From a seaplane flight over the mesmerising Halong Bay to discovering the secrets of the Mekong by bicycle, every moment in these two dynamic Southeast Asian countries made for an incredibly diverse adventure.
Not far from Phnom Penh, we cycled to a Buddish pagoda to catch a glimpse of the lives and traditions of the local monks there. They prepared lunch while the younger boys helped as part of their training for monkhood.
Eating in Southeast Asia is a pleasure for all the senses, and this buzzing local restaurant in Phnom Penh was the best dining experience I had in Cambodia. The spread included fish soup, curries and meat dishes. For the ultimate condiment we squeezed fresh lime into pepper and salt to make a moreish paste.
Slowly being swallowed by twisting tree roots, Ta Prohm is undoubtedly the most mystical ruin at Angkor. My guide Kanha was born and raised in Siem Reap, and she brought this ancient temple to life with her knowledge. She also knew the best photo spots.
A must-visit temple at Angkor is Bayon, which dates back to the 12th century. My guide Kanha captured me ‘touching’ noses with one of the 216 colossal smiling faces featured on its towers.
Set within eight acres of gardens and paddy fields, Phum Baitang was a lush haven in Siem Reap. I stayed in one the pool villas at this ‘green village’, which has a complete working farm with water buffalo and meals prepared using organic ingredients from its gardens.
The architecture of Hanoi is not like any I’d seen before. There used to be tax laws based on the width of a building, so to get around it the locals built upwards. This explains why you see some almost inconceivably narrow houses in this alluring capital city.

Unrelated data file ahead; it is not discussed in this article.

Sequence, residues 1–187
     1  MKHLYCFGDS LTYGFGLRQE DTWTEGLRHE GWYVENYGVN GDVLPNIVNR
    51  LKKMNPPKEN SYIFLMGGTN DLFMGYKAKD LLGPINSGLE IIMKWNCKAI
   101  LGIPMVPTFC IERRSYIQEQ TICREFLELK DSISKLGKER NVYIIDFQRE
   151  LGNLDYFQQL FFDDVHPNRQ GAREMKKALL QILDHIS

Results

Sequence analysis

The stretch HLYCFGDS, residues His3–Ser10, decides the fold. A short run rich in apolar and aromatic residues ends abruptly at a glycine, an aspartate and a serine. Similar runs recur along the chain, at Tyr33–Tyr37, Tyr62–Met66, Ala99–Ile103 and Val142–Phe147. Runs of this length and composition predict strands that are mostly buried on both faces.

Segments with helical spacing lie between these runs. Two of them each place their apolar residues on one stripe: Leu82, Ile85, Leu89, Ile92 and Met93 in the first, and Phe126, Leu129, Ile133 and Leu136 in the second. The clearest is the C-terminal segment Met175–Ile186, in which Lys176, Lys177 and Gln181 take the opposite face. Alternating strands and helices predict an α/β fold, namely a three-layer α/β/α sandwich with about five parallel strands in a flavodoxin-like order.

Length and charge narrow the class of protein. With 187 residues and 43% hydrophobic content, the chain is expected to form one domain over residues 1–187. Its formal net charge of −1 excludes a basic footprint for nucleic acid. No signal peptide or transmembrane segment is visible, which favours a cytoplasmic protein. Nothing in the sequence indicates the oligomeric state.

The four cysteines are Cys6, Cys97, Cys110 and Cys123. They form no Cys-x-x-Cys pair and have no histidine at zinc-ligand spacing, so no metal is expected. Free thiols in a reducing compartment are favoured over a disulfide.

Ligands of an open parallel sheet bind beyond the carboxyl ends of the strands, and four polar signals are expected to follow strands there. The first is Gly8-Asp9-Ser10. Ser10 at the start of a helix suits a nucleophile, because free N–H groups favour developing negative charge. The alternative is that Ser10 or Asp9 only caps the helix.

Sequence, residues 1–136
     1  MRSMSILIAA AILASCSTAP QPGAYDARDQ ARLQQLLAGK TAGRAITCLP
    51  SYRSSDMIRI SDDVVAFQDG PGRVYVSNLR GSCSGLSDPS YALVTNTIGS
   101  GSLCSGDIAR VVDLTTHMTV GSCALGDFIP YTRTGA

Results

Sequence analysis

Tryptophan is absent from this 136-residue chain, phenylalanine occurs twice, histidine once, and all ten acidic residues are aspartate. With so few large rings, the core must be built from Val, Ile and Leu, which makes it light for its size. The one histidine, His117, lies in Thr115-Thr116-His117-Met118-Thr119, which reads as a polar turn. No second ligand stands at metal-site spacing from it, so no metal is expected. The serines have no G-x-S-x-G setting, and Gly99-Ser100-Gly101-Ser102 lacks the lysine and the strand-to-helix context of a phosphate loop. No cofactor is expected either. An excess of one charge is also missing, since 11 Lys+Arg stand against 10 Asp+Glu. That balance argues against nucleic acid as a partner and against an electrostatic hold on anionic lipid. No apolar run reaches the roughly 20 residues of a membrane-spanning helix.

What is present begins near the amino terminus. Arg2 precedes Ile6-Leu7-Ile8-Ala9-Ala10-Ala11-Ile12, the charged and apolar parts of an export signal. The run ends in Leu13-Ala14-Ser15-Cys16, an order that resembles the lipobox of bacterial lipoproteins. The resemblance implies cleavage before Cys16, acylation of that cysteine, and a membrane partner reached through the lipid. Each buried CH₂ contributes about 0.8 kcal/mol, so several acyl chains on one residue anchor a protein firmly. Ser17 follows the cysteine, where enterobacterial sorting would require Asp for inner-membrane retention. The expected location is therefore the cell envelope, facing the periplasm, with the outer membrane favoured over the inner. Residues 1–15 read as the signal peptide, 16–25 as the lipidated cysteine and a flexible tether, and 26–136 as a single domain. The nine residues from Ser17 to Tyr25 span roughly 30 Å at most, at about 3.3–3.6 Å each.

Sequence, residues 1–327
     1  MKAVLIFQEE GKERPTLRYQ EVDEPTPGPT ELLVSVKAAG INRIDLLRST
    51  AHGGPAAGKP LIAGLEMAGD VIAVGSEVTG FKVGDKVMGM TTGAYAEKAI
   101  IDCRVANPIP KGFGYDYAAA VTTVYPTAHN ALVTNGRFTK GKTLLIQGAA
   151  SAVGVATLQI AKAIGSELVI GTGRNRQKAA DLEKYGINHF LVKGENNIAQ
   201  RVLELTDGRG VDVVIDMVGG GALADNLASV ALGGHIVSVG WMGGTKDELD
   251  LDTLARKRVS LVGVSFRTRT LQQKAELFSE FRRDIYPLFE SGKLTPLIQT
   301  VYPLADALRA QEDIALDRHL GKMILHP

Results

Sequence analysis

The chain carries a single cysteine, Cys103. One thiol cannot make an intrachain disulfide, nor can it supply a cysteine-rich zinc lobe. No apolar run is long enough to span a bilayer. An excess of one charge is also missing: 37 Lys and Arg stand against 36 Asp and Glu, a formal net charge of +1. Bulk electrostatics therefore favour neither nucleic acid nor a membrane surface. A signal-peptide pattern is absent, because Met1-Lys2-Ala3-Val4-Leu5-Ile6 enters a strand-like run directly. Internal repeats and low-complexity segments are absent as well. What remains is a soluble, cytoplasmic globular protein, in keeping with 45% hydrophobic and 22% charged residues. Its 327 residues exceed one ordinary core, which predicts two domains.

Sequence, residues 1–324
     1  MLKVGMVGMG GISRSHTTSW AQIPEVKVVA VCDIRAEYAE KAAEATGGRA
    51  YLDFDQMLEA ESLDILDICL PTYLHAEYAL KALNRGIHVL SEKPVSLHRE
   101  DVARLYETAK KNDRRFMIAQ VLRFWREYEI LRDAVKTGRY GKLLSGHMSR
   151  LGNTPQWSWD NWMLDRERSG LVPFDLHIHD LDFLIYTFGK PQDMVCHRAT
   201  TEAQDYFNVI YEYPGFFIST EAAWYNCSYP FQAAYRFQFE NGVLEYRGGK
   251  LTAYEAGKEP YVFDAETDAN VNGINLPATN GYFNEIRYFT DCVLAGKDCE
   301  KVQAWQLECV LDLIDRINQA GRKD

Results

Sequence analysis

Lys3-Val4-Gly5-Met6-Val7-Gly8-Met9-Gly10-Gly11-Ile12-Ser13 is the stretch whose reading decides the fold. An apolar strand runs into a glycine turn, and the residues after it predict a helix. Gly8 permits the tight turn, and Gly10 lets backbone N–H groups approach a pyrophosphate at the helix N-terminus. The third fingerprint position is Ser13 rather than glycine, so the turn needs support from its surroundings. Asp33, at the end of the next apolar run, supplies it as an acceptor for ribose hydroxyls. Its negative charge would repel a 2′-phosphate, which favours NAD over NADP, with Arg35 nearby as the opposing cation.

Exploring the old quarter of Hoi An on a walking tour led us to the old Chinese Assembly Hall. The incense hanging at its entrance protects the temple from bad spirits and takes three months to burn out.
The smiling Miss Sen in the middle of this photo was our wonderful local food guide in Hoi An. She introduced us to some of the best street food at the local markets, including this vendor who was selling tasty ice creams from chilled metal cylinders.
A scenic seaplane journey ended with 15 minutes over the spectacular Halong Bay, known in ancient Vietnamese as ‘descending dragon’. After exploring the bay by boat it was extraordinary to see it from the air, with the misty weather creating even more awe.
On a fresh morning in Saigon (Ho Chi Minh City) we started at 6am at the bustling flower market, which was already lively with locals buying flowers for ceremonies and gifts.
For an alternative view of Saigon I took a private speedboat through various districts of the city. Travelling past slums and stilt houses gave me a glimpse of life on the water’s edge. It ended with a glowing sunset over downtown.
There are few more authentic experiences of the humming city of Saigon than getting amongst its chaotic but surprisingly fluid traffic. All the locals were wearing rain ponchos as I ventured on the back of a Vespa for a memorable tour of street food.